Subject: File No. S7-14-11
From: Quyen Doan

June 29, 2011

I also support a 20% downpayment.

Please see the comments from the NY Times community.

North America
June 29th, 2011
12:19 pm
I'm afraid I missed Ms. Day's point. How long it takes to qualify for the home quoted is not a concern of other taxpayers. This isn't about 'fairness' whatever that means but an agreement between lender and the borrower.

As a citizen, I do not want to participate through my tax liability in anyone's home ownership but my own. Because of the past practices of encouraging everyone to buy a house---or two---I am now participating in the downturn not by choice.

It seems the more we learn the stupider we get. Less than 10% down is an unworthy commitment to home ownership. Let's be adult folks.

June 29th, 2011
12:19 pm
From the blog: "The Center for Responsible Lending, which has been vociferous in urging financial reforms to protect borrowers, argued that 20 percent down, or even 10 percent down, would price many homeowners out of the mortgage market. "

This group has no financial sense. If many homeowners are priced out of the mortgage market, that shows that house prices are still too high. Rather than trying to "stabilize" the bubble prices, wouldn't it make sense to let prices fall to a level where people can actually afford to put 20 percent down?

The Center for Responsible Lending isn't doing anyone a favor by supporting policies that saddle working-class people with massive loan debt.

And, yes, 20 percent should be the requirement. Without skin in the game, people will just walk when their speculative purchase declines in value.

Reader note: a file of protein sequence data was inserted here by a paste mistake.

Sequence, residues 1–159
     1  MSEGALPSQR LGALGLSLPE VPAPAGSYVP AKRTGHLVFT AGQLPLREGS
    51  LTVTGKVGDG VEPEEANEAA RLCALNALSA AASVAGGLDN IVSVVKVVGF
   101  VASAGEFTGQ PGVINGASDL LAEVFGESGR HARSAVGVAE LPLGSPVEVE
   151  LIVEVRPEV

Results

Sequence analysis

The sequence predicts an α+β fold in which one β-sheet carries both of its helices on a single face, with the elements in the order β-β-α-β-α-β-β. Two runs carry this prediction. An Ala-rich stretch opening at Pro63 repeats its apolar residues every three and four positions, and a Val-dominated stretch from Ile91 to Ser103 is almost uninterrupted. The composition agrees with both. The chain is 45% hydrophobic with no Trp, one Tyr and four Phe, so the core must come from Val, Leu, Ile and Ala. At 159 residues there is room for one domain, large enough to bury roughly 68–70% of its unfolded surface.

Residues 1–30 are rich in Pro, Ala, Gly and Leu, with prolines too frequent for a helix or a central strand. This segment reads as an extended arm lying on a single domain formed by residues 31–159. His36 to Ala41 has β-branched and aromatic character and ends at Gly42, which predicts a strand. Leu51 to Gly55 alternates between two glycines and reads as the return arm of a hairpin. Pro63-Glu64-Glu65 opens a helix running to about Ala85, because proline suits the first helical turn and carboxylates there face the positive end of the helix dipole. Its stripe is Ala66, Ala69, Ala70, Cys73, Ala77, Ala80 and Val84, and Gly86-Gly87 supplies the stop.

Boston MA
June 29th, 2011
12:22 pm
"20 percent down, or even 10 percent down, would price many homeowners out of the mortgage market"... well, yes. Isn't that the point? Home ownership is not a right. It's a huge financial responsibility that people should NOT undertake if they can't afford it.

If someone needs 14 years to save up a 20% down payment, simple math says they've only been able to save 1.43% of the home's value per year. There's no way they're going to be able to make their mortgage payments It'd take them 56 years just to pay off the other 80% of the principal, and that's not even considering the interest

The hypothetical schoolteacher in this situation should not be buying a house. They should rent instead. It's no kindness to let people take on a bigger mortgage than they can afford.

June 29th, 2011
12:19 pm
Why isn't it a surprise that the 20% proposal is opposed by the coalition of "banks, real estate agents, and consumer advocates"? Their goal is to increase the number of borrowers, regardless of the risk, a risk borne by the borrowers, of course.

As said by the broker trainer to the trainees in Liar's Poker (1987), "We don't want more customers we want more transactions."

The truth is that a huge price has been paid for our society's emphasis on home ownership, and it has been paid by those marginal borrowers who can least afford it.

Let's keep the down payment requirement at 20% where it belongs.

June 29th, 2011
12:22 pm
The real issue is why would someone earning $33k buy a $173k home? That's over 5x their income. Also, 14years to save $17k means they are only saving $25/week for the down payment, or less then 4% of their gross income. If they bought a $100k home, which is reasonable price range for that income level, and saved $50/week, they could put down 10% in under 4 years. They could do 20% in under 8. Haven't we learned anything from the crisis???